CS452 - Real-Time Programming - Winter 2015

Lecture 4 - Tasks & Kernels

Public Service Annoucements

  1. Marking of a0.
  2. Due date for kernel 1: 26 January, 2015

Kernel of a Real-time Operating System


In the next few weeks we will build, from scratch, a micro-kernel. The micro-kernel supervises the execution of tasks, which are the elements of our systems. (A task is a function with no arguments and no return value.)

The base unit of a polling loop is

This looks more than you think like the operating systems to which you are accustomed. The actions you used in assignment zero responded to hardware events detected by execution of a condition. Walking before we try to run we respond to hardware events in part 3 of the kernel.

The code that implements an action needs support. It must

These basic needs are provided by the kernel of an operating system. The kernel we create in cs452 is a microkernel, because it provides these capabilities and nothing more.

We build the microkernel in four assignments

  1. task creation and scheduling
  2. inter-task communication
  3. the interrupt primitive
  4. complex servers


The real-time operating system we build consists of

  1. an uninterruptible microkernel, plus
  2. interruptible device-handling server tasks that run in user-space

What Does a Microkernel Provide?


A program is conceived as a collection of co-operating tasks. Tasks provide applications with modularity. Task structure as a method of program organization will be discussed about the time you are finishing the OS.

Tasks consist of

Why are tasks important?


Communication has two aspects

  1. sharing information and
  2. synchronization.

We use Send/Receive/Reply (SRR) to do both.

  1. Send blocks
  2. Receive blocks: is synchronous with the call to send
  3. Reply doesn't block: is synchronous with the return from send

Sharing data

Data is usually shared in the form of a struct, which requires a common name space of types, but removes parsing and formating.

Send does transfers both ways at once. Receive and Reply transfer one way each.


  1. Between tasks
  2. With internal events
  3. With external events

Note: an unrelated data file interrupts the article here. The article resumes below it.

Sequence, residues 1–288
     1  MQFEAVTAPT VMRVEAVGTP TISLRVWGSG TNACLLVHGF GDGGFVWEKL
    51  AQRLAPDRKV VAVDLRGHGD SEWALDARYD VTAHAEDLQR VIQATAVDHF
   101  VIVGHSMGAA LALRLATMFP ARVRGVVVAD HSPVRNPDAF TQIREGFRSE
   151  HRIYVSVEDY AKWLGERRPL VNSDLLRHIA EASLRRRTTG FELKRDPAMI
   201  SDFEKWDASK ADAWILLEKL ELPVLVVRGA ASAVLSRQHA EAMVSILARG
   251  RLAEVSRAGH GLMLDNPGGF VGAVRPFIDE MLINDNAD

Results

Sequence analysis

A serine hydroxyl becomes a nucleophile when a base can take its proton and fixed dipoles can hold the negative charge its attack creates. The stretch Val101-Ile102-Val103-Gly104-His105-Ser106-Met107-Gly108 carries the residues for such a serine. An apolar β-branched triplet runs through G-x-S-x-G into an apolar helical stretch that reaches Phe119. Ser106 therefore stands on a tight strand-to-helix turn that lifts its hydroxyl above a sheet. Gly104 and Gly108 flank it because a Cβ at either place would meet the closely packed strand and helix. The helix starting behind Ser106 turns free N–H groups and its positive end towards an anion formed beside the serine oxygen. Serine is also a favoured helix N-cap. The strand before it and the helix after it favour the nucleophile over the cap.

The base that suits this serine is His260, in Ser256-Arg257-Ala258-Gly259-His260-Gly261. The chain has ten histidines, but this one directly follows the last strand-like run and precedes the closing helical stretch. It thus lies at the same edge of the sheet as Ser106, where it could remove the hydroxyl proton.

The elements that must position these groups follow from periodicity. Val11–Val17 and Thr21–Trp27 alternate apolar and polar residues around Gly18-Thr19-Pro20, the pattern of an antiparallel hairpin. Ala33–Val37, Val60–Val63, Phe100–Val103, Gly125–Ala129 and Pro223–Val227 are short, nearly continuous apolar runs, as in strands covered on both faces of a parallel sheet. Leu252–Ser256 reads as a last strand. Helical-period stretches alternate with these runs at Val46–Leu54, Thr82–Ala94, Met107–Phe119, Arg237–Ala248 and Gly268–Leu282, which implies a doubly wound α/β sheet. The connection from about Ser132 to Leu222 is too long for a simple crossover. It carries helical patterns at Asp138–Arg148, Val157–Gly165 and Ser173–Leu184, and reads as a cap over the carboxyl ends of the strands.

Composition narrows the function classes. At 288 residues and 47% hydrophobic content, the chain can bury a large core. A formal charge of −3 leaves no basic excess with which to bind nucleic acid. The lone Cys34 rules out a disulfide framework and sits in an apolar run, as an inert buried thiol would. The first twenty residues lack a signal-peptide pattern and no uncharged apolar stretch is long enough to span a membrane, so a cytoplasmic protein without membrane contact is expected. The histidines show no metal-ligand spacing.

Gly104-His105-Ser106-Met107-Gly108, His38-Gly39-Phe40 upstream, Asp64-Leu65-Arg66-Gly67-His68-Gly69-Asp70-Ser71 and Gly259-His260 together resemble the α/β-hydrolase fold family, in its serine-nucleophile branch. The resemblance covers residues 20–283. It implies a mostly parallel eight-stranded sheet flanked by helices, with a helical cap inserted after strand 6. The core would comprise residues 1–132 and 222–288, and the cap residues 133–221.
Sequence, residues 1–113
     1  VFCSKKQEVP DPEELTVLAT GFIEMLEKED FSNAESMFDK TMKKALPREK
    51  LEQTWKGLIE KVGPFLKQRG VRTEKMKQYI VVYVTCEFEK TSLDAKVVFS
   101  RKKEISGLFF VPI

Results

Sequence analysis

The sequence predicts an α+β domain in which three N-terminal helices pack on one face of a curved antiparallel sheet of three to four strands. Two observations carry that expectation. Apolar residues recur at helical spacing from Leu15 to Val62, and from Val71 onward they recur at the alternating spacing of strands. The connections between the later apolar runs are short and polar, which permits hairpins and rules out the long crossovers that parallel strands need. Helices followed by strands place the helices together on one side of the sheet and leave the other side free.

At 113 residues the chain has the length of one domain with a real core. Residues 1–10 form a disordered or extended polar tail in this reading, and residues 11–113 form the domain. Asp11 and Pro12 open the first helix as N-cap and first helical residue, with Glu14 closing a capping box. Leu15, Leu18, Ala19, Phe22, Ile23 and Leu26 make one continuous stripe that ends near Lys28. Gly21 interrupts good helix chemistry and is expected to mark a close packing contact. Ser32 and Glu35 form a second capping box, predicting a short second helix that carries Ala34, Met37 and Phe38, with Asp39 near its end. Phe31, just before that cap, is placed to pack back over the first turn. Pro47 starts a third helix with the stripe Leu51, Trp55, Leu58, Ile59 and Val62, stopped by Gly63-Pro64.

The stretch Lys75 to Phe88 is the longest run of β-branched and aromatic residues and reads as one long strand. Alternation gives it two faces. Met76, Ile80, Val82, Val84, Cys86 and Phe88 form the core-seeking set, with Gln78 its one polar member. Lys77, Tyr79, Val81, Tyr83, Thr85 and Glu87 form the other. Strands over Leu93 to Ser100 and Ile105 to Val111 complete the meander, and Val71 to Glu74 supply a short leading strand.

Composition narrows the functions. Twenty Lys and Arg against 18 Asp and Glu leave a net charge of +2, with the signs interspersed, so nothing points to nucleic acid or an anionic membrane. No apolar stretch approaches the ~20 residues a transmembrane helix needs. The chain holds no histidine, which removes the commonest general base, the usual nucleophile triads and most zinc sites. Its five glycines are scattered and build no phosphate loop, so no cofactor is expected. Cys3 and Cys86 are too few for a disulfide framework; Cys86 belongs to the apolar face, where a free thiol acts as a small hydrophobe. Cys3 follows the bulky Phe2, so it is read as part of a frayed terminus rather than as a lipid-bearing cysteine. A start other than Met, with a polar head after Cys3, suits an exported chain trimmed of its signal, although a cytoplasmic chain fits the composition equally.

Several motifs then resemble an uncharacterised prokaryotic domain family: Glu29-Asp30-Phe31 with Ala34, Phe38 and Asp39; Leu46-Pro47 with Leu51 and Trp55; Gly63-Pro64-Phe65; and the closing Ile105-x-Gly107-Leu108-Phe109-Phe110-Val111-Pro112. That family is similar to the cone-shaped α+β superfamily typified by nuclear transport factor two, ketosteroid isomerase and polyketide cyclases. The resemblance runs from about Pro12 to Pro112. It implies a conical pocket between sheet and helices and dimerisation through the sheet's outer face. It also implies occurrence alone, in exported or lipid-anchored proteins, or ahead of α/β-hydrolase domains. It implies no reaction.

In the polling loop you polled a register

Almost every test failed, which wastes CPU. Even worse, it increases the response time, the time from when the event occurs until the first instruction of user code responding to it occurs.

You can get rid of the polling tests if you program the hardware to send the CPU a signal when the condition for which you are waiting occurs. Such a signal is called an exception and the CPU goes into a privileged state when the interrupt occurs.

The kernel responds to the exception by reading volatile data and readying the task that is waiting on the interrupt. This task is essentially the action that was conditioned on the event in the polling loop.


What is a task?

  1. A set of instructions
  2. The current state, which is changed by executing instructions. The state of a task includes which includes

Two tasks can use the same set of instructions, but

The kernel keeps track of every task's state

The TD normally contains

  1. The task's stack pointer, which points to a private stack, in the memory of the task, containing

    all ready to be reloaded whenever the task next runs.

  2. Possibly the return value for when the task is next activated
  3. The task's parent
  4. The task's state
  5. Links to queues on which the task is located

Possible states of the task

  1. Active: running or about to run
  2. Ready: can run if scheduled
  3. Blocked: waiting for something to happen

Kernel Structure

The kernel is just a function like any other, but which runs forever.

void kernel( ) {
  TD* = active;
  initialize( );  // includes starting the first user task
    handle( getNextRequest( ) );

Where is the OS?

All the interesting stuff inside done by the kernel is hidden inside getNextRequest.

int getNextRequest( ) {
  return activate( active = schedule( ) ); //the active task changes only here

What's inside activate( active )?

  1. transfer of control to the active task
  2. execution to completion of the active task
  3. transfer of control back to the kernel
  4. getting the request

The hard part to get right is `transfer of control' which we call a context switch

The Hardware/Software Provided in the Undergraduate Environment

Software provided and maintained by CSCF


Specific documentation from Technologic

System on Chip (SoC)

EP9302, designed and manufactured by Cirrus semiconductor


Byte addressable, word size 32 bits

Hardware configuration created by RedBoot

Separate instruction and data caches

`COM' ports

Connected to two UARTs implemented on the SoC

Reset switch


Specific documentation from Cirrus

System on chip

ARM 920T core

Specific documentation from ARM, which covers

Return to: